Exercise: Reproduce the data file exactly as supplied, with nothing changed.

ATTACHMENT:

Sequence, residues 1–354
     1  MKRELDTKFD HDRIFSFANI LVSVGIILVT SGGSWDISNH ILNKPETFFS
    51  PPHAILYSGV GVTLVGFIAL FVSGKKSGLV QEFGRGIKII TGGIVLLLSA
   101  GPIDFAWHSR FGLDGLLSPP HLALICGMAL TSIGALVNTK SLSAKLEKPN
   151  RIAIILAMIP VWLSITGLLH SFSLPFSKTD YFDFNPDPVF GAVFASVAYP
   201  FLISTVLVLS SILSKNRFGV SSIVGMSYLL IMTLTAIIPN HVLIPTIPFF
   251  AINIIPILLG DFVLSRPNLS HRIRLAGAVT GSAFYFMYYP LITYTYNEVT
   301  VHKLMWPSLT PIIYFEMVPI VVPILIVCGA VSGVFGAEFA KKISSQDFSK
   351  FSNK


Sequence, residues 1–354
     1  MKRELDTKFD HDRIFSFANI LVSVGIILVT SGGSWDISNH ILNKPETFFS
    51  PPHAILYSGV GVTLVGFIAL FVSGKKSGLV QEFGRGIKII TGGIVLLLSA
   101  GPIDFAWHSR FGLDGLLSPP HLALICGMAL TSIGALVNTK SLSAKLEKPN
   151  RIAIILAMIP VWLSITGLLH SFSLPFSKTD YFDFNPDPVF GAVFASVAYP
   201  FLISTVLVLS SILSKNRFGV SSIVGMSYLL IMTLTAIIPN HVLIPTIPFF
   251  AINIIPILLG DFVLSRPNLS HRIRLAGAVT GSAFYFMYYP LITYTYNEVT
   301  VHKLMWPSLT PIIYFEMVPI VVPILIVCGA VSGVFGAEFA KKISSQDFSK
   351  FSNK